Every professional responsible for his or her company’s supply chain planning and execution probably realizes that there are a number of inefficiencies in his or her system; they just might not be able to pinpoint where the biggest and/or most urgent issues are. In order to optimize all points along a chain, you must first assess your current situation looking for areas that create a drag on your entire supply chain process and limit its efficiency.
There are two ways to evaluate the performance of your supply chain: the first is a “40,000-foot view,” which we’ll talk about in this post; the second is a more detailed view, something that requires a more in-depth consultation. The 40,000-foot view starts with 2 simple questions that look to uncover weaknesses; your answers will help you determine where your greatest opportunities for improvement are.
Question 1: Do your Planning and Execution systems operate independently of one another?
Planning and execution should not be a two-step process where each is executed separately. When each is addressed in its own silo, interpretations of planning needs become part of the fabric of the execution – right or wrong. And it’s a costly disconnect when you’ve got it wrong. Planning and execution done independent of one another requires reliance on human interpretation (which too often comes with error and assumption), and it wastes valuable resources – both people and time.
A more effective approach is one that integrates planning and execution as a single, coordinated and interdependent solution, with planning inputs directly feeding into execution outputs. The process is sped up significantly and your people aren’t spending time on tasks with little inherent value.
Question 2: Do you plan inventory, orders, and transportation separately?
Most supply chain planning models aren’t fast enough or sophisticated enough to evaluate different attributes and time horizons, nor are they capable of solving for large quantities of SKUs on a daily basis. The inability to solve for large quantities of SKUs daily means you’re having to aggregate SKUs into groups or categories and to summarize insights that provide only a snapshot of the true picture of your supply chain and its inventory.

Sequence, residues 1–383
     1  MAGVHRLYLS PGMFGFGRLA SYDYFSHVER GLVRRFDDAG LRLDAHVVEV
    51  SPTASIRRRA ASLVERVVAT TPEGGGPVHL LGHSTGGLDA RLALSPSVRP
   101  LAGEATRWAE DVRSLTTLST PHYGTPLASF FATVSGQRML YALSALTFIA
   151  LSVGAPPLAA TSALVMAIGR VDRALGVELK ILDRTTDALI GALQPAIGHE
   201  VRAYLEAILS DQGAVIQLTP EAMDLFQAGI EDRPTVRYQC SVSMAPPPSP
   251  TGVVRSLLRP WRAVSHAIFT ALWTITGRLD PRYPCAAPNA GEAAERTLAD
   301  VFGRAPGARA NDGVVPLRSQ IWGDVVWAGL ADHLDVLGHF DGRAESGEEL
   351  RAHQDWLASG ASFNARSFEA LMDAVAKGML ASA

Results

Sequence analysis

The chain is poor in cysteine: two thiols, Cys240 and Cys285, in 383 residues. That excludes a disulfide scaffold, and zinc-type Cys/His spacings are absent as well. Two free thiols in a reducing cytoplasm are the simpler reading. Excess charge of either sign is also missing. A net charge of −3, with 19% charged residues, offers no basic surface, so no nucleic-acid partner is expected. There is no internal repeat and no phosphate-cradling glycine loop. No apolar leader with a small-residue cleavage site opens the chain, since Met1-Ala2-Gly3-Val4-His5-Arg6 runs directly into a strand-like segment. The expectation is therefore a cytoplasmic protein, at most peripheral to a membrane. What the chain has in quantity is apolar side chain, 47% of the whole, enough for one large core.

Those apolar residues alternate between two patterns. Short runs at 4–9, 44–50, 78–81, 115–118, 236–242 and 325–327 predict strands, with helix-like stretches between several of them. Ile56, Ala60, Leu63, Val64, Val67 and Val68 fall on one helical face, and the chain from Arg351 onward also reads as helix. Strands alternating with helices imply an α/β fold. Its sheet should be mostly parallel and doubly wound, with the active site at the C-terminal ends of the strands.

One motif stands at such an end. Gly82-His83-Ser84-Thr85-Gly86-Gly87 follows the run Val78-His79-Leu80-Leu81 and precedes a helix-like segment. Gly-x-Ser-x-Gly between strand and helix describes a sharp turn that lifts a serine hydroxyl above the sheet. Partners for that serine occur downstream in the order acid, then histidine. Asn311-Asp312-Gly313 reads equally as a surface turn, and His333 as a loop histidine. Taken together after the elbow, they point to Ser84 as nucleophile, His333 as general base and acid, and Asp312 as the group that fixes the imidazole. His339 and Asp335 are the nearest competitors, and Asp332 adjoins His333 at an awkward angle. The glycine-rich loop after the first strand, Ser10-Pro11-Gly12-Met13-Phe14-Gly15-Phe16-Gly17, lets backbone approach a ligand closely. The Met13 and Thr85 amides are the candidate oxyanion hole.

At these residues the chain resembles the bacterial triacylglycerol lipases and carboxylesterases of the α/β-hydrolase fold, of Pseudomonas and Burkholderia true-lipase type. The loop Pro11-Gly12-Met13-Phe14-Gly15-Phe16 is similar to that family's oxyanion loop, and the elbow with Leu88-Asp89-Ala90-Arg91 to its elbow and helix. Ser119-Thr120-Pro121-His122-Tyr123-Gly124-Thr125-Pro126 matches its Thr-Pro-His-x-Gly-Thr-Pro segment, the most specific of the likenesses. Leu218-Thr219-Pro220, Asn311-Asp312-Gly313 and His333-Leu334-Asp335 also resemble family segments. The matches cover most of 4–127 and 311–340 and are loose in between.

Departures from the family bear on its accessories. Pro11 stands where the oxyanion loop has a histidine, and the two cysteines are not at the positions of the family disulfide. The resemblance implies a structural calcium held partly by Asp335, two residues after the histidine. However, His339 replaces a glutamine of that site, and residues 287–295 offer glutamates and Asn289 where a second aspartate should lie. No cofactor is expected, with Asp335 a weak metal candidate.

This kind of system manages orders by first-available, an approach that isn’t geared toward optimizing lowest-cost-to-serve or customer satisfaction.
What’s really needed is the kind of granularity only a closed-loop system provides. This kind of system makes day-to-day decisions possible because planning and execution are integrated and together turns optimized plans into action. A closed-loop operational management system concurrently plans orders, inventory and transportation, helping you allocate scarce inventory, what/when to order, how to move it all through the pipeline, and meet on-time fulfillment/shelf availability targets. It also optimizes stock levels for each SKU, fills from lowest cost-to-serve, and selects best delivery speed/service. This is particularly helpful for short lifecycle, fast-moving consumer goods and others in high-SKU-count environments. A closed-loop system also allows you to do comprehensive planning in all three horizons (strategic, tactical, operational) to make sure the optimized plans flow from each other and back up to each other.
The bottom line is that by improvement in any one of these areas – not to mention all – is one of the best ways to minimize total cost to serve and improve profitability.What kinds of savings are we talking about? The right systems could save you up to 20% on inventory, freight bill savings up to 15%, and on-time fulfillment improvements of up to 35%.